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Publication numberUS3732042 A
Publication typeGrant
Publication dateMay 8, 1973
Filing dateJun 3, 1971
Priority dateJun 3, 1971
Publication numberUS 3732042 A, US 3732042A, US-A-3732042, US3732042 A, US3732042A
InventorsW Buchholz
Original AssigneeW Buchholz
Export CitationBiBTeX, EndNote, RefMan
External Links: USPTO, USPTO Assignment, Espacenet
Power module
US 3732042 A
Abstract
A power module for providing continuous rotational torque without direct contact between the propellant and module rollers. A plurality of flexible tubes are positioned within helical grooves in the inner surface of a cylinder casing. A rotor assembly having a plurality of rollers is positioned within the casing mounted for rotation against the inner surface and driving a power shaft.
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Description  (OCR text may contain errors)

wllitfifl States Patent 1 Buchholz 1 May%, 1973 154] POWER MODULE [76] Inventor: William Buchholz, Roscoe, N.Y.

[22] Filed: June 3, 1971 [21] Appl. No.: 149,626

52 user ..417 477 51 Int. Cl ..F04b 43/08 [58} FieldofSearch ..417/474,475,476,

[56] References Cited UNlTED STATES PATENTS Primary ExaminerWilliam L. Freeh Assistant Examiner-Leonard Smith Att0rneyMeyer A. Gross [57] ABSTRACT A power module for providing continuous rotational torque without direct contact between the propellant and module rollers. A plurality of flexible tubes are positioned within helical grooves in the inner surface of a cylinder casing. A rotor assembly having a plurality of rollers is positioned within the casing mounted for rotation against the inner surface and driving a power shaft.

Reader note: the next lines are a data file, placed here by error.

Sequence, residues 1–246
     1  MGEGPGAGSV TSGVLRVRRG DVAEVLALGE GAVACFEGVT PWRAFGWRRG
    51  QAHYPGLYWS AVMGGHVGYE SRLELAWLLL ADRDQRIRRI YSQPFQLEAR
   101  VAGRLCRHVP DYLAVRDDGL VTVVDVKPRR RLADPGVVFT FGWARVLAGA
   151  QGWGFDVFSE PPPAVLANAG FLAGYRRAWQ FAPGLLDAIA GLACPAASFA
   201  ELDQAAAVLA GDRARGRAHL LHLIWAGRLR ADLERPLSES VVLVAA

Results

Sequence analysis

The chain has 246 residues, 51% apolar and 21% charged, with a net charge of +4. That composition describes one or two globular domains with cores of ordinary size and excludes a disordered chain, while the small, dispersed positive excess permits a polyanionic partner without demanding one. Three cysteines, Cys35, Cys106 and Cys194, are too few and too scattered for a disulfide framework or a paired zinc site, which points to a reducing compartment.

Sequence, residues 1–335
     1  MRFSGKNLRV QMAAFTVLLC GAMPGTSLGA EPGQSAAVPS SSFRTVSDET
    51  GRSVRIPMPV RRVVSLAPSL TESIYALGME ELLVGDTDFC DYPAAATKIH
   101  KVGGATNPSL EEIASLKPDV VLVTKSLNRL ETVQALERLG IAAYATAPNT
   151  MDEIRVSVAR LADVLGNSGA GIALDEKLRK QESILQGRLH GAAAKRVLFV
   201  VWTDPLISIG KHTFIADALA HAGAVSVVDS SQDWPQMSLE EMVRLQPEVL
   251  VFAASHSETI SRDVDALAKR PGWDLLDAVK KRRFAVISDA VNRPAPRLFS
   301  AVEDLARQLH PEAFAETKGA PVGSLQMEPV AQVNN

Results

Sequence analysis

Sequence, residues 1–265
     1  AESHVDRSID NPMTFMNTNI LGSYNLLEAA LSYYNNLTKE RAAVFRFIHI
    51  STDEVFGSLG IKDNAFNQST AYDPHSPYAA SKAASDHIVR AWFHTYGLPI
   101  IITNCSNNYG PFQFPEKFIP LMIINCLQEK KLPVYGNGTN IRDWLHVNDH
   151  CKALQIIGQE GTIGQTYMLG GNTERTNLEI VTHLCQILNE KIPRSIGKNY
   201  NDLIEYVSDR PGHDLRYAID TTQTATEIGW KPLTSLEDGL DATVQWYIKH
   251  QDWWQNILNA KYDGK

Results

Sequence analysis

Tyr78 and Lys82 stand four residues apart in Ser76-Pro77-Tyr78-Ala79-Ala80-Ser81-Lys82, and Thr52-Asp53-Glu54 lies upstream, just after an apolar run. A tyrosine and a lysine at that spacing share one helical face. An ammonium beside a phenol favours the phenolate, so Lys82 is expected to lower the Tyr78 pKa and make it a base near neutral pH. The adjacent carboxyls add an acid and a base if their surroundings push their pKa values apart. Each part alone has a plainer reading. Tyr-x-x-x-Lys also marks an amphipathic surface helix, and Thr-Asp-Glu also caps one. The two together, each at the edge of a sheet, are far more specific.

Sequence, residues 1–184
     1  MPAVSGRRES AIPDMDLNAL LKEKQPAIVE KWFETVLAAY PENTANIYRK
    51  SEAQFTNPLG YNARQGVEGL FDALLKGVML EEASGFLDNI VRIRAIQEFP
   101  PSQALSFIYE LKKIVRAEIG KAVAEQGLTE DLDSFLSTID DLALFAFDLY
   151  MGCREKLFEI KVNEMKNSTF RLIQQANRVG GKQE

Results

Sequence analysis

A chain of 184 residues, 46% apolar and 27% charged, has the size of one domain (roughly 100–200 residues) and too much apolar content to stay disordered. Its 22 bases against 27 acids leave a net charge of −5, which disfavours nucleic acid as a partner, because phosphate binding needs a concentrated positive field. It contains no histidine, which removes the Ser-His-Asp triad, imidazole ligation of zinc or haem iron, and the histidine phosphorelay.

The rollers and tubes are in angularly disposed contact with each other, preferably at substantially right angles. Pressure is applied to the tubes causing them to uniformly expand along the grooves and inwardly of the inner surface of the cylinder, driving the rollers. The chordal distance between the rollers and the location of the tubes along the inner surface of the cylinder is crucial and designed so that as the roller is forced off the edge of one tube, at the exit end, the succeeding roller is just about ready to make contact with the entrance end of the particular tube. As the first roller leaves the tube, the force causing a pressure build-up behind the roller is removed and fluid can be expunged therefrom. There is sufficient inertia in the succeeding roller to cause it to move onto the en trance end of the tube and the continuing fluid entering the tube immediately causes a pressure build'up behind the roller and the process begins again.